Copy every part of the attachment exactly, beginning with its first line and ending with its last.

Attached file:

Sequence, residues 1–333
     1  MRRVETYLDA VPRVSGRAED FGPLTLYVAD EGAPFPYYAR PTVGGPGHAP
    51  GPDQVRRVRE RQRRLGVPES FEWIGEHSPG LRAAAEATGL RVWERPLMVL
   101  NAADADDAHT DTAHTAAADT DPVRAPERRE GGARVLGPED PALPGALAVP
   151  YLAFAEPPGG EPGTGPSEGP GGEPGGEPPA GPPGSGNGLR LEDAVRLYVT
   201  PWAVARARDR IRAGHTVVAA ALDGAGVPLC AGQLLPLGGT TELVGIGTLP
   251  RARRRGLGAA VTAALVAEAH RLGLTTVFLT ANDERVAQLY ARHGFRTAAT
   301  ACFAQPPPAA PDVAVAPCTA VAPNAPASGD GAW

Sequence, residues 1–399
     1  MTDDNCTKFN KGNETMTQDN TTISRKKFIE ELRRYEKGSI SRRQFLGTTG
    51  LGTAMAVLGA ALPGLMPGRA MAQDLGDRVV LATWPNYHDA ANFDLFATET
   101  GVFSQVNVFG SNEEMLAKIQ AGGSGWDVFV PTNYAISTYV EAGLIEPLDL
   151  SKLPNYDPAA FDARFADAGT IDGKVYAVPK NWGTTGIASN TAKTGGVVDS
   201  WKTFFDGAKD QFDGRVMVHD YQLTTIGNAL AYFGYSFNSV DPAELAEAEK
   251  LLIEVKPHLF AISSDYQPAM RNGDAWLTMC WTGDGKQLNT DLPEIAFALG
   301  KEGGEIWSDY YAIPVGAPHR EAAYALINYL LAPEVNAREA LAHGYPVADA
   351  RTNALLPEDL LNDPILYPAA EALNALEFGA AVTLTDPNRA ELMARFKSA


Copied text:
Sequence, residues 1–333
     1  MRRVETYLDA VPRVSGRAED FGPLTLYVAD EGAPFPYYAR PTVGGPGHAP
    51  GPDQVRRVRE RQRRLGVPES FEWIGEHSPG LRAAAEATGL RVWERPLMVL
   101  NAADADDAHT DTAHTAAADT DPVRAPERRE GGARVLGPED PALPGALAVP
   151  YLAFAEPPGG EPGTGPSEGP GGEPGGEPPA GPPGSGNGLR LEDAVRLYVT
   201  PWAVARARDR IRAGHTVVAA ALDGAGVPLC AGQLLPLGGT TELVGIGTLP
   251  RARRRGLGAA VTAALVAEAH RLGLTTVFLT ANDERVAQLY ARHGFRTAAT
   301  ACFAQPPPAA PDVAVAPCTA VAPNAPASGD GAW

Sequence, residues 1–399
     1  MTDDNCTKFN KGNETMTQDN TTISRKKFIE ELRRYEKGSI SRRQFLGTTG
    51  LGTAMAVLGA ALPGLMPGRA MAQDLGDRVV LATWPNYHDA ANFDLFATET
   101  GVFSQVNVFG SNEEMLAKIQ AGGSGWDVFV PTNYAISTYV EAGLIEPLDL
   151  SKLPNYDPAA FDARFADAGT IDGKVYAVPK NWGTTGIASN TAKTGGVVDS
   201  WKTFFDGAKD QFDGRVMVHD YQLTTIGNAL AYFGYSFNSV DPAELAEAEK
   251  LLIEVKPHLF AISSDYQPAM RNGDAWLTMC WTGDGKQLNT DLPEIAFALG
   301  KEGGEIWSDY YAIPVGAPHR EAAYALINYL LAPEVNAREA LAHGYPVADA
   351  RTNALLPEDL LNDPILYPAA EALNALEFGA AVTLTDPNRA ELMARFKSA